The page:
These Ocean Waves Look Like Liquid Sculptures | Science | Smithsonian
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These Ocean Waves Look Like Liquid Sculptures

Photographer Pierre Carreau captures waves mid-break, showing the surf's delicate balance of power and fragility

smithsonian.com

“I feel like a hunter of perfect moments,” says Pierre Carreau. Most days, in a 20-minute window when the lighting is just right, the photographer is on the beach near his home on the Caribbean island of St. Barth shooting curling waves.

Carreau is a surfer and kitesurfer, but when he is grounded and behind a camera his “perfect moment” is not the instant his eye connects with a rideable wave. As a photographer, he is interested instead in what surfers would pass by. He is mesmerized by breaking waves —the physical result of wind rippling the water surface and friction causing crests to spill onto shore—and he wants to freeze them and share them with the landlocked. ”My goal is to focus on the wave shapes that create a paradox of power and fragility,” he says.

Born into a family of artists in France, Carreau strayed the course by studying business and pursuing a career in Information Technology. His calling, he’d come to find out, was photography though, and he eventually jumped ship to pursue it. His first commercial gigs were for magazines and equipment brands related to water sports. His own affinity to the ocean inspired him and his family, in 2004, to permanently relocate to St. Barth in the French West Indies.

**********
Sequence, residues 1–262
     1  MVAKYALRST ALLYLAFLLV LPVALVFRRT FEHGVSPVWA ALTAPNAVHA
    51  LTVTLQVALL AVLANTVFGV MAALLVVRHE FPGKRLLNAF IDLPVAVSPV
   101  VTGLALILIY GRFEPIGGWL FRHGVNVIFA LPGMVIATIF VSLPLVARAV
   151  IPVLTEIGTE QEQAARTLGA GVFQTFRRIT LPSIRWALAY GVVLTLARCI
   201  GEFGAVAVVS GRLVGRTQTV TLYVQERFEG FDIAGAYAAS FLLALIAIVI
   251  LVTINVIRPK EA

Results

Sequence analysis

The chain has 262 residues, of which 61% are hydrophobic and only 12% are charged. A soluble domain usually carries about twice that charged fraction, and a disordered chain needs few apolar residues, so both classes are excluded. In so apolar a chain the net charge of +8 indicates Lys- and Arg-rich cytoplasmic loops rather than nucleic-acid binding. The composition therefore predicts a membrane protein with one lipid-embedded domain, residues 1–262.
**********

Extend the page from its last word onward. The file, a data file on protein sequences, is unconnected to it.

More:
A year ago, Carreau started “AquaViva,” his photographic study of ocean waves. Today, the series consists of about 30 images of sun-kissed breakers. One of the biggest challenges about taking his shots is managing to frame his compositions and focus at the same time. “Waves are so fast and the depth of field is so short that I have to make very quick choices, very instinctive,” he explains. Carreau uses the continuous drive mode on his camera to capture several frames a second. “I need to take thousands of photographs to really get the jewel I am searching for,” he says.

The photographer waxes lyrical about waves. “It’s like a story written by the wind on the deep sea and you can read it when the swell arrives on the shore,” he says. He calls them nature’s “liquid sculptures” and says “by freezing the waves I give them eternity.”

Carreau wants his photographs to spur an exchange of energy—from the waves to their onlookers. “I like the fact that this energy comes from far away to be revealed on our beaches,” he says.

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